Yarl made his first public appearance since the shooting on Memorial Day, when he walked in a brain injury awareness event at a Kansas City park. He did not speak to the media, but his aunt, Faith Spoonmore, said he has intense headaches and balance issues. She said he is also struggling with his emotions and the trauma of the shooting.


What we are watching in the rest of the world ...

KYIV, Ukraine _ Russian forces began June with a fresh aerial bombardment of Kyiv on Thursday, killing at least three people and wounding others, authorities said.

Following a reported 17 drone and missile attacks on the Ukrainian capital in May, Russian forces hit the capital in the early morning with ground-launched missiles.

The Kyiv City Administration reported one child was among the dead, and 10 people were wounded. The casualty toll was the most from one attack on Kyiv in the past month. The attack also damaged apartment buildings, a medical clinic, a water pipeline and cars. Earlier, the city government had said that two children were killed before revising the number to one.

Ukraine's General Staff reported that the Air Forces intercepted all 10 missiles, which it identified as short-range ballistic Iskander missiles.

Russia has repeatedly targeted Kyiv with waves of drone and missile attacks since the start of the invasion, but attacks against the capital have significantly intensified over the past month as Ukraine prepares for a counteroffensive. While most incoming weapons are shot down, many Kyiv residents are anxious and tired after weeks of sleepless nights listening to the sound of explosions.

Ukraine's air defence has become increasingly effective at intercepting Russian drones and missiles, but the resulting debris can cause fires and injure people below.

On Wednesday, Russian forces carried out three aerial attacks over the south of Kherson region, along with missile and heavy artillery strikes on other parts of the region.


On this day in 1860 ...

The first post office in Canada was established in what is now Thunder Bay, Ont.


In entertainment ...

ROME _ Italy on Wednesday displayed hundreds of antiquities that had been looted from Italian territory and were recovered from a London antiquities dealer.

The 750 objects, which date from the 8th century B.C. and the medieval period, include an Etruscan three-legged bronze table, marble busts of men from the imperial age, and wall paintings that are believed to be from the area of Mount Vesuvius.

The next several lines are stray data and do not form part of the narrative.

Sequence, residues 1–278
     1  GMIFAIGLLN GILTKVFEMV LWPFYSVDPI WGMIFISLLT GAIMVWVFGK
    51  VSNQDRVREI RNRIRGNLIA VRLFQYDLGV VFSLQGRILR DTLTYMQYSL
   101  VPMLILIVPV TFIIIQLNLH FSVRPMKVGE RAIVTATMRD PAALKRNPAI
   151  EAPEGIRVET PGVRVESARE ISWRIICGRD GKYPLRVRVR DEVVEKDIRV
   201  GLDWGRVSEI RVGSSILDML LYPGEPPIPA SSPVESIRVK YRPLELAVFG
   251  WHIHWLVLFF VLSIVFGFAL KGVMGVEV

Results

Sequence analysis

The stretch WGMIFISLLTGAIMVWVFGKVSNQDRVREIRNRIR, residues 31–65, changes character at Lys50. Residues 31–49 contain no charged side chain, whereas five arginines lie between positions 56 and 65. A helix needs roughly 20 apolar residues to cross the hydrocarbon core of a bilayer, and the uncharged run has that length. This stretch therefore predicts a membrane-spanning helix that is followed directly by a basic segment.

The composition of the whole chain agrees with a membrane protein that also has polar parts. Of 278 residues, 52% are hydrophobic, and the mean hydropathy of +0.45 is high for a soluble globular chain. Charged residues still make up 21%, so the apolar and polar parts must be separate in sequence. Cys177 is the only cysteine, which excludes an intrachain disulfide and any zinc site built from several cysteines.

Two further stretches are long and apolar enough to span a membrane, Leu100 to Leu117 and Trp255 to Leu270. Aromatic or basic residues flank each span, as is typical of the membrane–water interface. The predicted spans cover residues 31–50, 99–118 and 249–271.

The Culture Ministry valued the items at 12 million euro, according to a statement.

They were in the possession of a London company in liquidation, Symes Ltd, owned by dealer Robin Symes.

"The most complex moment was when the liquidators showed their availability (to return the objects), which was a willingness that implied a demonstration of illegality,'' said Carabinieri Cmdr. Vincenzo Molinese, who is in charge of the carabinieri unit protecting cultural heritage.

He said Symes didn't provide documentation for the artifacts, but research showed the items had been illegally excavated from Italy and then exported and sold around the world.

Culture Minister Gennaro Sangiuliano, who was on hand for the display of the objects at Rome's Castel Sant'Angelo, said the returned loot hammered home the need to promote legal circulation of antiquities through loans and museum exhibitions.

"We must stop international illegality in the trafficking of works of art. Illegality must not be allowed and no margin must be given,'' he said.

The items were returned to Italy on the same day an agreement was signed between Symes and Greece to return other looted items, the carabinieri said in a statement.


Did you see this?

TORONTO _ The shortage of pediatric medication in Canada last year led to a spike of dosing errors in children in Ontario, new research shows.

The study, published Wednesday in the New England Journal of Medicine, examined the effect of the shortage of children's ibuprofen and acetaminophen, which forced parents to crush up pills of the drugs intended for adults in order to treat their children.

Researchers found a twofold increase in calls to the Ontario Poison Centre for unintentional dosing errors of the medications for patients 18 years old or younger last fall, particularly in November 2022, compared to the four years prior.

"What our research does is shine some light on the issue of drug shortages and the potential consequences associated with them,'' said Dr. Jonathan Zipursky, the lead author of the study and a clinical pharmacologist and toxicologist at Sunnybrook Health Sciences Centre in Toronto.

"Fortunately, our findings didn't show that there was excess harm to children.''

The team also used modelling techniques to project the expected number of calls while accounting for temporal trends and a surge in respiratory illnesses in children.

Last fall, hospitals across the country were overwhelmed with really sick children as a particularly virulent strain of influenza circulated alongside respiratory syncytial virus, or RSV. COVID-19 further complicated matters for children.

The surge forced children's hospitals in Toronto, Ottawa, Hamilton and London, Ont., to cancel surgeries in order to free up staff and beds to deal with the problem.

Hospital officials said the lack of children's medication had a profound effect on its emergency departments. Doctors said they would often show parents how to cut up pills meant for adults.


This report by The Canadian Press was first published June 1, 2023.

The Canadian Press